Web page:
Anything you cannot live without? Black socks.
What about something you can live without? Snapchat. I deleted it. That was my New Year’s thing.
What’s your dream? I have so many friends who are musicians, so when I think about my dream now I don’t dream it alone! I just love sharing stories and learning to get better and traveling together. Nyasia and I have this thing now – as long as we take a little step and get a little better, that’s what we’re working on. We call each other and just talk about our little steps getting better and better.
Tell me more about your instruments and what you love about your music. I sing and write songs. I write them all on piano. I love seventh chords and stuff. Seventh chords turn me on – they’re really sexy to me.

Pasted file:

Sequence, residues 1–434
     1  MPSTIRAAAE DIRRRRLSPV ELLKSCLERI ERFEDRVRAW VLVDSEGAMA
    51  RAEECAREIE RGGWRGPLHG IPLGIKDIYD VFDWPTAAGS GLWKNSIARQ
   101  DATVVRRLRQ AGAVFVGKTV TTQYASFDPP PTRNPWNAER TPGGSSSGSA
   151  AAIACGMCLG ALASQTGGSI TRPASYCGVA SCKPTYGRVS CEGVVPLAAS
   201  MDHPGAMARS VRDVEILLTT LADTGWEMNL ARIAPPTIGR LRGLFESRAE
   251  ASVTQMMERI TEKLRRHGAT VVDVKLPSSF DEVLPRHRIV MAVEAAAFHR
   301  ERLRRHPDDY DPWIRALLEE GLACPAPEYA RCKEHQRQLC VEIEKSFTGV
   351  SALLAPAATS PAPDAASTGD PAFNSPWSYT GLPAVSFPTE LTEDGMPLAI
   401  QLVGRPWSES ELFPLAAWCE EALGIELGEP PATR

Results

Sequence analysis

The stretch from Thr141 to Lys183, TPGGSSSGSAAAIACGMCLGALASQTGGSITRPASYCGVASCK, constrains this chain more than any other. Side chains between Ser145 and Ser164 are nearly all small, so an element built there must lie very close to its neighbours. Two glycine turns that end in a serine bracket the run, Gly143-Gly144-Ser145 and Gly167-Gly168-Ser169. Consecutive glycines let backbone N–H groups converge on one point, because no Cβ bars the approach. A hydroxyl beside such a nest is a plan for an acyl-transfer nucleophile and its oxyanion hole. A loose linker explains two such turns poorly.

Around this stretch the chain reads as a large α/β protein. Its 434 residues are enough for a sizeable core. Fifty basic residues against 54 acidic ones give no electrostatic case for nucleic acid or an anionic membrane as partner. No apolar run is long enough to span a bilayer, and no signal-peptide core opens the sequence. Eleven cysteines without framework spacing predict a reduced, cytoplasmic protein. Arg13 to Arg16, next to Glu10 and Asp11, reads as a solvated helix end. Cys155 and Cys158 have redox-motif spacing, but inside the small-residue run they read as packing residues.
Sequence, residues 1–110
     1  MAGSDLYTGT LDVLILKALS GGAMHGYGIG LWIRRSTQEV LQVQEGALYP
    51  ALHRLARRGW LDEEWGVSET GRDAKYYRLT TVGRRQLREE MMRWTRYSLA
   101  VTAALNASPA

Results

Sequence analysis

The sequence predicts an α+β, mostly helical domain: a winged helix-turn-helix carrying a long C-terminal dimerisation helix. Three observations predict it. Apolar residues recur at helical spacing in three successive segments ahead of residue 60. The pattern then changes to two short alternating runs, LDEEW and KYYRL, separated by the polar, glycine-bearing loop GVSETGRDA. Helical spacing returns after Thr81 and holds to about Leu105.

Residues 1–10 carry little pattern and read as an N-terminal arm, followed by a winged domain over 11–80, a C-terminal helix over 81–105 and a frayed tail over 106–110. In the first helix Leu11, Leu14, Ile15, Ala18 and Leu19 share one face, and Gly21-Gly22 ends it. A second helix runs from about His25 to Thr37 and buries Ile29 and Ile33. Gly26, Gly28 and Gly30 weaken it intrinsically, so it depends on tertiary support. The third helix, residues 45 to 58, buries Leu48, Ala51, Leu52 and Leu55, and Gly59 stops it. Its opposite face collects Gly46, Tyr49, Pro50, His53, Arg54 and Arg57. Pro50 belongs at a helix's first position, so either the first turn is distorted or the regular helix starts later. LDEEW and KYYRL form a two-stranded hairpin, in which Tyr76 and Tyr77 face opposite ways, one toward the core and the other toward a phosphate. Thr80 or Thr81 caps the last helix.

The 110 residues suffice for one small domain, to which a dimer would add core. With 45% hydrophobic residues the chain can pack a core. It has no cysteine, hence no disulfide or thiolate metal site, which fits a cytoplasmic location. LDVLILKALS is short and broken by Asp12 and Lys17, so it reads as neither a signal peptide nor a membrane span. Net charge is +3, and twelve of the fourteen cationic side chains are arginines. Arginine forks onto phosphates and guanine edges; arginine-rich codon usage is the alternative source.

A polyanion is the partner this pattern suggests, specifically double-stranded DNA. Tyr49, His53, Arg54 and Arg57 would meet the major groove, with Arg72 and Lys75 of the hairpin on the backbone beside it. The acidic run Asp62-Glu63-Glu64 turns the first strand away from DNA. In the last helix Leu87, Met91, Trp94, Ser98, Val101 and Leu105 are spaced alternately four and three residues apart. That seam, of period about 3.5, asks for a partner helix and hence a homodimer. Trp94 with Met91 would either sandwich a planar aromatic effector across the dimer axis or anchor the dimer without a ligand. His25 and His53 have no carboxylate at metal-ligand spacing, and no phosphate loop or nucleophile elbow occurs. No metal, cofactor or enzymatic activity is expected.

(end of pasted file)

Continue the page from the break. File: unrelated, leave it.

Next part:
Three words that describe you? Lover. Learner. Professional Pokemon trainer – because I’m really good at Pokemon. Secret talent. I’m just really good. I’ll play anybody!
What you are working on right now? I’m almost done recording (after two years) what I consider to be my debut EP. I’ve put out stuff before, but it’s nothing compared to this. I’m so happy and proud of it, and it’s been the hardest thing I’ve ever done in my life. I’ll just feel good – whatever happens. (EP denotes “extended play” – a term for a recording containing more music than a single, but usually too short to be called a full studio album or LP.)
Tell us more about this EP! “NJ” (the title) is going to be soulful. It’s eclectic in the sense that you have some tracks that have an older feel, and some that feel like they could be more like 2002.
Say more. Like the first single, which is called “Old School.” You’ve got your bass grooves. You’ve got live percussion. You’ve got Pharrell Williams influence (and) Neptune synth-strings. From start to finish, I just thought, this is my voice! I hope it’s catchy and I hope everyone thinks when they’re listening, “Yes, he wrote this,” because I did. (See the link at the end of this post for the debut of “Old School.” Nick, please remember us when you’re on The Voice!)